Residents look at the debris of demolished houses a day after BBMP brought down houses and buildings in Bangalore. Photo credit: MANJUNATH KIRAN/AFP/GettyImages
Snapshot
  • It took a deluge for civic authorities to wake up to the issue of water logging and realise that something, somewhere was seriously wrong.

This August has been a cheery month for officials of Bruhath Bengaluru Mahanagar Palike (BBMP) and Bangalore Development Authority (BDA). They have been on a demolition drive, for the entire month, taking down illegal buildings, left, right and centre. Of course, it took them a deluge, caused by incessant drizzle in the last week of July, to wake up to this civic issue and realise that something, somewhere was seriously wrong.

The drive, with the intent of razing illegal structures that were encroaching lakes, lake beds and storm water drainage systems, has affected many homes belonging to middle-class households. The BBMP later named two malls, Gopalan Arcade in Rajarajeshwari Nagar and Orion Mall in Rajaji Nagar in the demolition list. The Karnataka High Court subsequently intervened and ordered the BBMP not to demolish multi-storey buildings without cancelling the plan as per law.

However, what is important to note is the enthusiasm with which the BBMP is demolishing these structures. Not all structures are illegal in the strictest of terms. Some of them are legal, atleast on paper because someone has bribed the officials to regularise what would otherwise be an encroachment. Construction of a building would require permissions and approvals from multiple authorities at all levels in the government. In Bangalore, a construction plan requires approval for water supply, sewerage, power connection, fire safety, height (from the Airports Authority of India), apart from other sanctions from the BBMP and the BDA.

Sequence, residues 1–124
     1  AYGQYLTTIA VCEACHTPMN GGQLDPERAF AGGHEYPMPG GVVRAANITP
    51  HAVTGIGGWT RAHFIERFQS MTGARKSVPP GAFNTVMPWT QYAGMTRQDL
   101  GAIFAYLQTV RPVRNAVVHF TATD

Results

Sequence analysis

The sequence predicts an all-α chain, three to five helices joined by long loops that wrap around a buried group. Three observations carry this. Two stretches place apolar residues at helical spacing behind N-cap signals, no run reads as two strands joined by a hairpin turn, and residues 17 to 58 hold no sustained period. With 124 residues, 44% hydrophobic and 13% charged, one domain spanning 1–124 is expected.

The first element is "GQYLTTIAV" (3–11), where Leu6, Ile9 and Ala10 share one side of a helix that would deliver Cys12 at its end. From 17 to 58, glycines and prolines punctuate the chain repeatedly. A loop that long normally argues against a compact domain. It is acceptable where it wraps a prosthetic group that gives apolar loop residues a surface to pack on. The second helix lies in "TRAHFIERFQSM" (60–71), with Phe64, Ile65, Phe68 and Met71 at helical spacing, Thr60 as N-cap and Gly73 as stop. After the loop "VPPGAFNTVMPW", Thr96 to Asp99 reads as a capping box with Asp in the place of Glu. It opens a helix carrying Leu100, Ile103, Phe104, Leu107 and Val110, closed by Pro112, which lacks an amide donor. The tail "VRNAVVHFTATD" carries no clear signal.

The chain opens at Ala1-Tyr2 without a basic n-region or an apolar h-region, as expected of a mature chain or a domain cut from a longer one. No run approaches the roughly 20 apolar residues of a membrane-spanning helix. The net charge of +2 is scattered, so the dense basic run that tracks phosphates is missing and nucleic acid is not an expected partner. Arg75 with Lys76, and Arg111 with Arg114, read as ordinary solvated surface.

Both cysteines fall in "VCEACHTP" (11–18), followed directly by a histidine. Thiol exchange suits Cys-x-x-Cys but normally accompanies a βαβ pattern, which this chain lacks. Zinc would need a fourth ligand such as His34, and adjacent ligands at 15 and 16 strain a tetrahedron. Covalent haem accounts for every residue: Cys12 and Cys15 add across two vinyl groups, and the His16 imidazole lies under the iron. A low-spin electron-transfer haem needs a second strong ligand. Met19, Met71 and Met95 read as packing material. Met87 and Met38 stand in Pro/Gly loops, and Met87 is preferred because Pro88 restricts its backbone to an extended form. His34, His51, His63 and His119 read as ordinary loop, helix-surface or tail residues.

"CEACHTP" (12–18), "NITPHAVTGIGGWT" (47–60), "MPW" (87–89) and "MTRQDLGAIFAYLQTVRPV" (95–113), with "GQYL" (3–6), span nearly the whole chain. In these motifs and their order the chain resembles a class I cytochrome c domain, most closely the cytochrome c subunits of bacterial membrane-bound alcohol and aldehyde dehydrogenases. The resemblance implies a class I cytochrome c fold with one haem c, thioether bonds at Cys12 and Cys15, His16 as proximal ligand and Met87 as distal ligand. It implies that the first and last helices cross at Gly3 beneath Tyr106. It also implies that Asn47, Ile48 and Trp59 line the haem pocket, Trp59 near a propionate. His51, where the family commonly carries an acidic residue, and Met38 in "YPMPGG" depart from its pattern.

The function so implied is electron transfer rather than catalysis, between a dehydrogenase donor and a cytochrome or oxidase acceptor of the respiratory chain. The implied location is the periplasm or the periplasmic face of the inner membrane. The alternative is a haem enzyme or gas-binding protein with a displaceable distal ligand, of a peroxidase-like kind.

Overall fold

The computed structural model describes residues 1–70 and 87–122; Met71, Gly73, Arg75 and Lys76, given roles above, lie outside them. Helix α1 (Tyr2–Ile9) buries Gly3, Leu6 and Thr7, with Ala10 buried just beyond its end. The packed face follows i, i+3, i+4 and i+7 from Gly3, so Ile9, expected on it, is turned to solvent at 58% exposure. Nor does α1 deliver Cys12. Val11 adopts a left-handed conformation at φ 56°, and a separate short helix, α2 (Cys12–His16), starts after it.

A large number of citizens who have lost their homes in the demolition drive are working-class people, who might have taken heavy loans to buy a small apartment in the affected area. While it is the duty of a prospective buyer to check all documents related to the purchase, how would he or she know if the builder had bribed someone to get the documents?

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Given the number of agencies that are involved in giving the green signal, one can roughly estimate how much corruption could be taking place. What the government must do now is stop this demolition spree and investigate those corrupt officials who let this happen in the first place, and then try to find a solution for the owners of the properties, rather than leaving them homeless. (Unlike the case where Payal Abdullah, former wife of Jammu and Kashmir politician Omar Abdullah was asked to vacate her government bungalow and the media claimed she was homeless.)

Demolition of illegal structures is common in India, as is corruption to get a building regularised. This happens practically in every city.

So what makes this case different?